Neten Zangmo uses most of her entire presidential meetings with voters advocating free and fair elections. She does not ask people to vote for her party and encourages people to raise questions. “BKP is shaking the people up and asking them to be responsible,” she says at her meetings. The emphasis is on creating awareness on the collective responsibility of people in nation building.

The party had suffered a set back mainly because of their command over Dzongkha. Some of the candidates could not perform as expected at the televised common forums. The presidents also left the supporters seeking for more from the forums. 

However, the party leaders sent out an important message to the voters, loud and clear, that it doesn’t matter if BKP’s ballot box remains empty on poll day. But the voters must make a conscious choice and ensure that the coffers of the country don’t run dry. 

Nonetheless, party supporters say that its pledges focussing on not leaving anyone behind make up for more than that. 

BKP maintains that its pledges are affordable. Most of them are philosophical. The party has a 200-page detailed document on how its pledges would be implemented.  The pledges are not only about corruption but the vision is a self-reliant Bhutan. 

It promises to implement the 12th Plan, reform education, ensure 100 percent irrigation and drinking water, pothole free roads, affordable home for all, develop private sector, skill the youths for better employment chances, and invest in improving health care services. 

For the civil servants, it pledges to rid the system of nepotism and corruption in selection for trainings and promotions besides the pay raise. 

Five-coloured circles in the party’s logo represent the five-element plan that makes up a political platform. The plan, signified by the five circles, is their manifesto in essence. 

The Yellow circle stands for the rich and unique culture that values allegiance to the Constitution. The Green circle stands for sustainable management and use of natural resources for green economic development, the Brown circle for efforts to sustain broad-based and regionally balanced economic development and growth, reinforcing social development through equal opportunities, and the Red circle stands for the party’s conviction towards equitable social development, its responsibility for reducing inequalities, pursuit of people empowerment, rule of law, provision of safety nets, and participation in a democratic and pluralistic system respectful of all human rights and individual respect.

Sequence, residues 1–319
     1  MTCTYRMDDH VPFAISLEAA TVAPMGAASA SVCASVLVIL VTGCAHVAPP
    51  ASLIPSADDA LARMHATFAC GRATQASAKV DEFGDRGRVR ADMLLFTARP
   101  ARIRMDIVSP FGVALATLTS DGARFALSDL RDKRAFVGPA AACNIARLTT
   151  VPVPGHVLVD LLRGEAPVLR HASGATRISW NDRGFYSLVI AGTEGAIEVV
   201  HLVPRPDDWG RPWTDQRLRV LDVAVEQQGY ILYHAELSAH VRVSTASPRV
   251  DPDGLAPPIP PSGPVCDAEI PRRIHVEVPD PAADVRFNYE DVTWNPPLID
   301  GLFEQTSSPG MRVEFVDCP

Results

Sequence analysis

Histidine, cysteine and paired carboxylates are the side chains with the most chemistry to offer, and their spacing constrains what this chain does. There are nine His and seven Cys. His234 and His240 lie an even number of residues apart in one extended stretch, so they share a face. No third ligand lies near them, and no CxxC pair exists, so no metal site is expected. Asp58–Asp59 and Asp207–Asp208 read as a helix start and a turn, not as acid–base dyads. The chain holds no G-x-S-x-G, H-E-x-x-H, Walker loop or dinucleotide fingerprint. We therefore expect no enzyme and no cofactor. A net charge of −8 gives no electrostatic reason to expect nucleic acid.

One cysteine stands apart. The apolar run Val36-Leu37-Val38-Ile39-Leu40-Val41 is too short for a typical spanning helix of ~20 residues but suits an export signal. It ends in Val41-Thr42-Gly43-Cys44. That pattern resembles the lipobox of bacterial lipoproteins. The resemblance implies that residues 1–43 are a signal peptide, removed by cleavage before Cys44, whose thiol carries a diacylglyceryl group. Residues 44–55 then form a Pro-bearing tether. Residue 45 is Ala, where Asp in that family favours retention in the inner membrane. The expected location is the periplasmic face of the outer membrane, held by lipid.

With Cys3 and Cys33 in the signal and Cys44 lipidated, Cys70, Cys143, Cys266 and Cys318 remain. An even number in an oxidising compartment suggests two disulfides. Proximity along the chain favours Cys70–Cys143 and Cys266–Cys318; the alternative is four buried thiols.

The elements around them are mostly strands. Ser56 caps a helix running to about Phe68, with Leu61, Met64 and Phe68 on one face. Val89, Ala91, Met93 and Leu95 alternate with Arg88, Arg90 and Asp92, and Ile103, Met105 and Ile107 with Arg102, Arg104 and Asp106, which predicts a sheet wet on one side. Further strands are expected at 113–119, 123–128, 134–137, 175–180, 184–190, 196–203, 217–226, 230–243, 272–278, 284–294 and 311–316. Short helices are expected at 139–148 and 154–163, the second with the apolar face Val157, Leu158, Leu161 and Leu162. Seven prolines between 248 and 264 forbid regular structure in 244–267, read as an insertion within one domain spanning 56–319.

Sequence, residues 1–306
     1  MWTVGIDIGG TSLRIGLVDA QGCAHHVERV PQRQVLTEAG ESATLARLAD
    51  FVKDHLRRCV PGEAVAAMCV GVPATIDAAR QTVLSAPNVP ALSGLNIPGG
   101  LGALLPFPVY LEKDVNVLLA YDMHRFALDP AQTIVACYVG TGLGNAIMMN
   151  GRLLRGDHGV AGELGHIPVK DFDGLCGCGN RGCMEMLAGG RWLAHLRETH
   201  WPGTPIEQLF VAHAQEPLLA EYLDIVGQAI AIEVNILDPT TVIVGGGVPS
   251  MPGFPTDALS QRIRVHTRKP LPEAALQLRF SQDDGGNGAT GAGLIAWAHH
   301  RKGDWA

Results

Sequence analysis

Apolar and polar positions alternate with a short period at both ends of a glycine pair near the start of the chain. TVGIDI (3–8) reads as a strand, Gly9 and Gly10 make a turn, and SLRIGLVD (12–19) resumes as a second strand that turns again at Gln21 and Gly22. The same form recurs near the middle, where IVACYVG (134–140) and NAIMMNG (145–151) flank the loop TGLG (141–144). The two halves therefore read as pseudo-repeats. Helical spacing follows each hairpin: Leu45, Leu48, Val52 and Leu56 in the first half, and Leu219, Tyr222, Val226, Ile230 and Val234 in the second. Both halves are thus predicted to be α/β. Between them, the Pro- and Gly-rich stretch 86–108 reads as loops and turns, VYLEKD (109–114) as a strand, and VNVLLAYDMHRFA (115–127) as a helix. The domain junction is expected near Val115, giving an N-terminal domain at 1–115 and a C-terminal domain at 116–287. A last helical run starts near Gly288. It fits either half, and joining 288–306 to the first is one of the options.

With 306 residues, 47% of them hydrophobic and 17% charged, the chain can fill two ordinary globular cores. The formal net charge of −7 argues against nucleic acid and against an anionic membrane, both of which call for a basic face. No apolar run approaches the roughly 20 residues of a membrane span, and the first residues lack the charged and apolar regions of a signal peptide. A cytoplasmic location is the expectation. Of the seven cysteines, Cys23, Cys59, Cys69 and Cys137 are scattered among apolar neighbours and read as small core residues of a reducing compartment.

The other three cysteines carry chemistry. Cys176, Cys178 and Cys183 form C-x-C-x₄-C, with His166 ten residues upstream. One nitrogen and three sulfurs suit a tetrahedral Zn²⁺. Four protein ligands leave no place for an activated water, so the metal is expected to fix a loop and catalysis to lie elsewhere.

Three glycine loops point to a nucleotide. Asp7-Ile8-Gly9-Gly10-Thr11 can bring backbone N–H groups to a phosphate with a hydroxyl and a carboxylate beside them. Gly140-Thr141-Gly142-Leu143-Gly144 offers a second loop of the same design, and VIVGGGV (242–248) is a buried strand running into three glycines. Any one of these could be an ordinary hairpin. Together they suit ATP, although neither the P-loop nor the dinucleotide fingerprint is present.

The Blue circle in the centre of the Khorlo represents good governance that will be critical for the health of the socio-economy, the environment and our unique culture. The white background stands for purity of heart and mind in the service of Tsawa-Sum.

All five circles are interdependent in nature and interact in coordinated spheres as represented by the outer five rings with the center circle maintaining close harmony in the overall pursuit of Gross National Happiness.

The nyamchung party effect

Druk Phuensum Tshogpa was branded the nyamchung party in the first parliamentary elections in 2008 and then it shifted to the People’s Democratic Party in 2013. Both won.BKP is referred to as the nyamchung party this election –literally without even a media office or support staff.

Voters who have not aligned to any parties say that they would vote for BKP to keep the party alive if it fails to get through the primaries. “If my party doesn’t come through the primaries, then I’ll vote for BKP,” is what most of other party supporters say. Neutral voters believe in the president’s passion and straightforward personality.

The party has been successful in creating an image as a corruption free party and one that will combat corruption during elections and governance. 

Will its anti-corruption champion and the straightforward president become the first woman prime minister of Bhutan? Only time will tell.

Tshering Palden